Pain Management for Cats is Not Optional

pain-management-for-cats

Cats are masters at masking pain. This ability to hide pain goes back to their wild origins; in the wild, a sick animal becomes prey. While acute pain may be fairly obvious to cat guardians, it may be more difficult to discern whether your cat is in pain when it comes to chronic pain from conditions such as arthritis. Sadly, many veterinarians still overlook signs of feline pain, or are not aggressive enough in treating it.

Pain management for pets has undergone significant changes in the past decade. In 2007, the American Association of Feline Practitioners, in conjunction with the American Animal Hospital Association, issued pain management guidelines for cats and dogs. The guidelines focus on anticipation and prevention as well as treatment of pain.

Global Pain Council creates guidelines to recognize, assess and treat pain

More recently, the Global Pain Council of the World Small Animal Veterinary Association created guidelines for recognition, assessment and treatment of pain. Winn Feline Foundation highlighted some of the key points as they pertain to cats on their blog:

(1) Pain is an illness, experienced by all mammals, and can be recognized and effectively managed in most cases

(2) Pain assessment should accompany every patient assessment

(3) Treat predictable pain; pain associated with surgery is 100% predictable

(4) Pain assessment is key to determining the degree and duration of pain treatment but should not replace the mandate to treat predictable pain

(5) Perioperative pain extends beyond 24 hours and should be managed accordingly

(6) Practice pre-emptive pain management; initiate appropriate treatment before a procedure to prevent the onset of pain, and continue this to prevent the occurrence of pain for the duration of time commonly recommended for the problem or which the patient requires

(7) Response to appropriate treatment is the gold standard to measure the presence and degree of pain

(8) We cannot always know that our patient does hurt, but we can do our best to ensure that it does not hurt.

Excerpted from Acute and Chronic Pain in Cats, Part One, Winn Feline Foundation Blog

What does this mean for cat guardians?

When it comes to pain in cats, you will often be the first to notice that something is wrong. Because cats are so good at hiding when they’re not feeling well, pain can be difficult to identify, and it’s up to cat guardians to notice even subtle changes, such as irritability or restlessness, seeking solitude or extra affection, licking or chewing a painful area, lack of appetite, or sudden changes in behavior.

It’s also important to discuss pain management with your cat’s veterinarian – and the time to discuss this is when you select a veterinary clinic. Ask questions! Ask how the vet treats pain in cats. Is pain medication given for all dental and surgical procedures? If this is not routine, this should be a red flag for you. Pain management is not optional in quality veterinary practices.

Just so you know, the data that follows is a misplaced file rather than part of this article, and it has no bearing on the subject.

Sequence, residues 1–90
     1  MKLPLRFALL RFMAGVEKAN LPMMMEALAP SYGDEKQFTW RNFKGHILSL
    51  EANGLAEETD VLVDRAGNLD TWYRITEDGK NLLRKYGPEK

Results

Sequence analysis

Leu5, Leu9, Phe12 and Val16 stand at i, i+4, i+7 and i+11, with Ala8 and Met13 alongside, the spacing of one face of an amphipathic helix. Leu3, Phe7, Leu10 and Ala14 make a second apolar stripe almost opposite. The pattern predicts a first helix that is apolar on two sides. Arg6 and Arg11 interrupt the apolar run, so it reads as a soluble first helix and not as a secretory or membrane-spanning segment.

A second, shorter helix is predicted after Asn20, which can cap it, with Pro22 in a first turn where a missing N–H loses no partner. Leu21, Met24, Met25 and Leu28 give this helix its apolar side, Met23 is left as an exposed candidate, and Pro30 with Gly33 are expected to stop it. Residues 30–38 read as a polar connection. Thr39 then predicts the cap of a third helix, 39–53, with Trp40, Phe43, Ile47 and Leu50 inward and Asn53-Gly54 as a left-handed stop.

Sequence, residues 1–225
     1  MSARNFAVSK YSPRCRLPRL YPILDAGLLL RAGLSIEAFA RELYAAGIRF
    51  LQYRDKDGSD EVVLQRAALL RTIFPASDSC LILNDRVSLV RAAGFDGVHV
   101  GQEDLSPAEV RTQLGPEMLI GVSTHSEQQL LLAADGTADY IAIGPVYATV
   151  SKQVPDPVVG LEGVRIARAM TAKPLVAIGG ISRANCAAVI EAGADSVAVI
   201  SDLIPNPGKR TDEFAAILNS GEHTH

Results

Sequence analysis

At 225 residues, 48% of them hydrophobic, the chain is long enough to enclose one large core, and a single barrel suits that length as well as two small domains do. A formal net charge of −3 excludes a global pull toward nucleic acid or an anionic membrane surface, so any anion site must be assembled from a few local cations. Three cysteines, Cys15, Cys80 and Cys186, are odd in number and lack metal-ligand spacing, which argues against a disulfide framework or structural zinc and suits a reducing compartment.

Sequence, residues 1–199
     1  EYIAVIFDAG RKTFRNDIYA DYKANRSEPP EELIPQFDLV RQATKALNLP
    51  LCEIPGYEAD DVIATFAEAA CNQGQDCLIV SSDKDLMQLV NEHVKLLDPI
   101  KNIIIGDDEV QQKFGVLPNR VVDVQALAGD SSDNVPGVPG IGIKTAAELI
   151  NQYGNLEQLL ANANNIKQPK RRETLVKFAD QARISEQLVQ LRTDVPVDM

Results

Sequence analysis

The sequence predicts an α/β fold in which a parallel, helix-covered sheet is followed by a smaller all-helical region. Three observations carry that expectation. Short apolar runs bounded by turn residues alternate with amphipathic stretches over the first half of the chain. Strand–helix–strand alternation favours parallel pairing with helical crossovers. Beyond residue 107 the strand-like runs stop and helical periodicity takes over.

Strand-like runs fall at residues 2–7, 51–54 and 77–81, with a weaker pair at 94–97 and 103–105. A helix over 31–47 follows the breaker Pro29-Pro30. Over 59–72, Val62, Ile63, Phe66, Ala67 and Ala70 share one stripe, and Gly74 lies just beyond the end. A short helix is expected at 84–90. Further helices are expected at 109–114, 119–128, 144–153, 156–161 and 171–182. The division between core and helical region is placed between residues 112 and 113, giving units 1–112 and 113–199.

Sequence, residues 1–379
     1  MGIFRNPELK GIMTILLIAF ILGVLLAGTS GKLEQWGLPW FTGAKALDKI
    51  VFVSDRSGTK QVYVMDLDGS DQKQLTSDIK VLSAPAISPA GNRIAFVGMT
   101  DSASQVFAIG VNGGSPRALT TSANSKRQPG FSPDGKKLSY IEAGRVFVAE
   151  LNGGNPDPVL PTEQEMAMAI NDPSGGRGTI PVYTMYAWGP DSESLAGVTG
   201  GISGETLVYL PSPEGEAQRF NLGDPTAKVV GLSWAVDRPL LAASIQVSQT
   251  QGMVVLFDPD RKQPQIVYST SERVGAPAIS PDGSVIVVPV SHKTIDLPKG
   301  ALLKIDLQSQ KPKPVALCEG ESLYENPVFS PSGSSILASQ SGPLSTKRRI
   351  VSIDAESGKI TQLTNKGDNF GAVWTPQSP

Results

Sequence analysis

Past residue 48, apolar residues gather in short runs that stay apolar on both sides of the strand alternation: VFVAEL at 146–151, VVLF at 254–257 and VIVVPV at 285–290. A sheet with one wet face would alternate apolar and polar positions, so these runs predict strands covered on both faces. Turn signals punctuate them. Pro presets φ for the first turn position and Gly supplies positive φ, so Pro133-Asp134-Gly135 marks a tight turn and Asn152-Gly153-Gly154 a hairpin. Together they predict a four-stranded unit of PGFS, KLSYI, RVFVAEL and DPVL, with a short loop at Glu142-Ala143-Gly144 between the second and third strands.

Pain management options for cats

Pain management options for cats are limited because of the unique physiology of the cat and how drugs are metabolized, and treating your cat’s pain may often involve multiple medications or modalities. In addition to medication, laser treatment, acupuncture, Reiki and holistic remedies can be important components of comprehensive pain management.

For more information about the Global Pain Council document, visit the Winn Feline Foundation blog.

The Winn Feline Foundation enhances the relationship between cats and humans by fostering improvements in feline health through research and education.

6 Comments on Pain Management for Cats is Not Optional

  1. Doggy Doc
    January 26, 2015 at 11:37 am (5 years ago)

    Reiki? Sorry, but while owners may experience the placebo effect, cats in pain will realize no benefits whatsoever from it.

    Reply
    • Ingrid
      January 26, 2015 at 11:55 am (5 years ago)

      Unfortunately, very little research has been done on Reiki, which is probably mostly due to lack of funding – a problem that, sadly, is true for most holistic therapies. You may not agree that it’s an effective modality for pain relief, but I’ve seen some pretty remarkable results in both human and feline clients in my practice.

      Reply
  2. Maxwell, Faraday & Allie
    January 20, 2015 at 6:14 pm (5 years ago)

    Thank you, THANK YOU for sharing this. And we’ll share on our facebook page, too.
    We absolutely believe in pre-emtive pain management. In fact, just as in humans, pain is so much more manageable and more easily overcome if you get ahead of it and can anticipate its needs.
    All three cats are going in for dentals in a few weeks. Not only will they have pain meds on board going into the procedure, but they will be given buprenorphine afterward if there are any extractions. (sadly, historically we have a track record with those….)

    Reply
    • Ingrid
      January 21, 2015 at 7:31 am (5 years ago)

      All my best to all three of you for your dentals!

      Reply
  3. Esme
    January 20, 2015 at 12:12 pm (5 years ago)

    By the time we realized Penelope had heart failure it was quite advanced. It made me sad to think we did not know.

    Reply
  4. Sue Brandes
    January 19, 2015 at 6:23 pm (5 years ago)

    Thank you for this post Ingrid. Great information to have.

    Reply

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